The pungent and misogynist tone emanating from the fragment above, which quotes a sexual aggressor’s perspective on rape, represents only one example out of many that have influenced researchers of gender-based violence towards a certain direction of thought. Therefore, the feminist political activist S. Brownmiller argues that in the case of rape ‘the intent is not merely to ‘take’, but to humiliate and degrade’.30 Moreover, ‘sexual violence is less the expression of an individual man’s unrestrained sex drive than it is a reiteration of patriarchal social structures and norms. Rape is primarily motivated by power, not sex.’31
When speaking about rape, a wide series of issues of ethical, legal, psychological, or social nature comes into question. Nevertheless, the interest of this section is to explore the moral, emotional and psychological implications of such an act from a literary perspective, namely Mukhtar Mai’s illustrative novel In the Name of Honor.
Unlike any of the other four narratives that are in discussion in the present paper and which engage to some extent with the question of violence against women, Mai’s piece of writing deals exclusively with the most severe form of sexual assault, namely rape. Like Nasrin and Durrani, Mai also avows that her literary discourse emerges out of her own experience; therefore, she suggests that she embodies the voice behind the lines of In the Name of Honor and is at the same time the female victim protagonist.
According to Mukhtar Mai’s story, an ever-lasting game of power between the clans of the same caste in the Pakistani village Meerwala has led to a gang rape dictated by unwritten rules applicable in the case of a question ‘of honour’32 33. The narrator mentions that the Mastoi clan has manipulated the tribal council responsible for solving internal conflicts and thus had Mai’s family punished by raping one of their female members. As a result, Mukhtar Mai becomes the victim of a group rape (four male aggressors) despite the fact that Mai herself, as she is arguing, was not directly involved in the presumed divergence. Nonetheless, the female narrator clearly avows that her experience is strongly suggestive of women’s condition in the village Meerwala where tribal rules dictate women’s lives, her argument being supported by a researcher on women’s rights in Pakistan . Furthermore, according to Mai’s argumentative line, the fact that a woman has been gang-raped as an aftermath of a disagreement between two clans proves that women(’s bodies) are used as weapons in men’s34 tribal war for power and prestige.
For them, a woman is simply an object of possession, honour, or revenge. They marry or rape them according to their conception of tribal pride. They know that a woman humiliated in that way has no other recourse except suicide. They don’t even need to use their weapons. Rape kills her. Rape is the ultimate weapon: it shames the other clan forever.35
However, the female protagonist fails to carry out the expectations of a conventional community, namely to commit suicide; instead, she finds enough strength to fight against the tribal conventions. Hence, she seeks revenge by embarking on the mission to struggle to prove in front of a legal commission that she has been raped and that her aggressors should be punished. In Brownmiller’s formulation, women like Mai eagerly struggle to make ‘rape a speakable crime, not a matter of shame.’36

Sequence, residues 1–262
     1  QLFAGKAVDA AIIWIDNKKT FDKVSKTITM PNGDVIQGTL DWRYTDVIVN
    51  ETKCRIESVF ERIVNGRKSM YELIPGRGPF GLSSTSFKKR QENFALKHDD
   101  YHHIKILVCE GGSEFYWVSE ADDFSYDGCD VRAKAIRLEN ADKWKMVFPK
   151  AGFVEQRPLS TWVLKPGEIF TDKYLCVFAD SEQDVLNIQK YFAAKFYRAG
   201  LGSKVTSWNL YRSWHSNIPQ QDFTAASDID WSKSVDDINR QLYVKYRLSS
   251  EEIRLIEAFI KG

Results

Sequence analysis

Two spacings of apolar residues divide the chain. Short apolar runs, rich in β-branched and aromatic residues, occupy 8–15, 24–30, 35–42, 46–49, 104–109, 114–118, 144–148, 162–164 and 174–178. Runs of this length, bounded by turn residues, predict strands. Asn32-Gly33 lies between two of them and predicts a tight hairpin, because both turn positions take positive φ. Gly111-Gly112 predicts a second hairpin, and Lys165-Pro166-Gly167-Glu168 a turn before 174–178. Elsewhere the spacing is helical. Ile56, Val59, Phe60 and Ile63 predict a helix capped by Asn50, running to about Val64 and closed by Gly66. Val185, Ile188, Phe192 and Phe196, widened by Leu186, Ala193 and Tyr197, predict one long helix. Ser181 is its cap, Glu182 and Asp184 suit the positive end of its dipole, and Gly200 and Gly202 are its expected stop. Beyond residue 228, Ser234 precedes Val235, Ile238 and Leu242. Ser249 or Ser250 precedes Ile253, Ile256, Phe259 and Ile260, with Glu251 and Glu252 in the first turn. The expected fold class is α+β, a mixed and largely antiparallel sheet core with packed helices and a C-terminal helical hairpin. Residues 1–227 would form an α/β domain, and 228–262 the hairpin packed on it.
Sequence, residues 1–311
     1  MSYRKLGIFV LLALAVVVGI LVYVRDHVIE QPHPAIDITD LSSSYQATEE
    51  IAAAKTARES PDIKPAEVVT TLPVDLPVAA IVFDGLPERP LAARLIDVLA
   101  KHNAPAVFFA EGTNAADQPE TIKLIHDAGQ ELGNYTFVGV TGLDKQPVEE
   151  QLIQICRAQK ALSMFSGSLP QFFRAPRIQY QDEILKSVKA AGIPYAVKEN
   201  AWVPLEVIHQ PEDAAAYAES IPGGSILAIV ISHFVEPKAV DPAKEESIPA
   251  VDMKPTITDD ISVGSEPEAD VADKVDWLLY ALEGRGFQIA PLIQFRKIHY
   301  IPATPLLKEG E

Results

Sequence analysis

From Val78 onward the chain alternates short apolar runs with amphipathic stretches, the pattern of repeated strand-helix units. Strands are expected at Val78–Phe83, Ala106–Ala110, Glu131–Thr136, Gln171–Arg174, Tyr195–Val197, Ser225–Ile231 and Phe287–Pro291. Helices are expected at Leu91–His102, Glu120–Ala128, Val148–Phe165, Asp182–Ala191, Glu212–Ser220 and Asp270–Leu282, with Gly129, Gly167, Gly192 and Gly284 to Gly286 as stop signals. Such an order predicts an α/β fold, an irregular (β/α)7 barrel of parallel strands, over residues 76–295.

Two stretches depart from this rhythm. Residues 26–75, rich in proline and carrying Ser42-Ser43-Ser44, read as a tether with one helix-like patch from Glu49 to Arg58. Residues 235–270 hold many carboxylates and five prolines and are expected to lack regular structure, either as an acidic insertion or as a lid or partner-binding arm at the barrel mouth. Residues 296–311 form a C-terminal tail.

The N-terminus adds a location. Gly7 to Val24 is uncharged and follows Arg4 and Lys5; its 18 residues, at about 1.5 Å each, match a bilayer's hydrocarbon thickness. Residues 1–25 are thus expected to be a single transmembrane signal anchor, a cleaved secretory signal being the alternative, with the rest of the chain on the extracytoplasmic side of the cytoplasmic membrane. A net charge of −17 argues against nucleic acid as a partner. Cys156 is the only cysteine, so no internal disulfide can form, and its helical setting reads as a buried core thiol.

Mukhtar Mai finally succeeds in publicly disclosing the crime, her abusers and the exact order and details implied by the act in front of the judiciary. Nonetheless, what is noteworthy about the process of transposing her statement into a literary form is that, unlike Nasrin and Kapur37, her narrative does not provide precise information on how the crime has been committed, but it chiefly focuses on the victim’s emotional and physical reactions.
I am there, true, but it isn’t me anymore: this petrified body, these collapsing legs no longer belong to me. I am about to faint, to fall to the ground, but I never get the chance - they drag me away like a goat led to slaughter. Men’s arms have seized mine, pulling at my clothes, my shawl, my hair.
‘‘In the name of the Koran, release me!’’ I scream. ‘‘In the name of God, let me go!’’
I pass from one night to another, taken from the darkness outside to the darkness inside an enclosed place where I can distinguish those four men only by the moonlight filtering through a tiny window. Four walls and a door, guarded by an armed silhouette.
Escape is impossible. Prayer is impossible.
That is where they rape me, on the beaten earth of an empty stable. Four men [...] I don’t know how long that vicious torture lasts. An hour? All night?38
Taking the comparison a stage further, it is remarkable that Mai displays a tendency to conceal shameful (in her view) details of the ‘vicious torture’ as she calls it, whereas on the contrary, the other two writers seem to be much more concerned with creating a realistic and complete illustration of how the sexual abuse happened. An explanation might be the fact that Nasrin and Kapur may invoke the point of view of the girl victim who is not aware of the cultural taboos of sexual acts. On the contrary, Mai writes about an experienced mature woman, who has internalized strong feelings of shame and humiliation and is aware of the fact that her testimony represents an exception in the context of a community that maintains silence about severe cases of gender-based violence.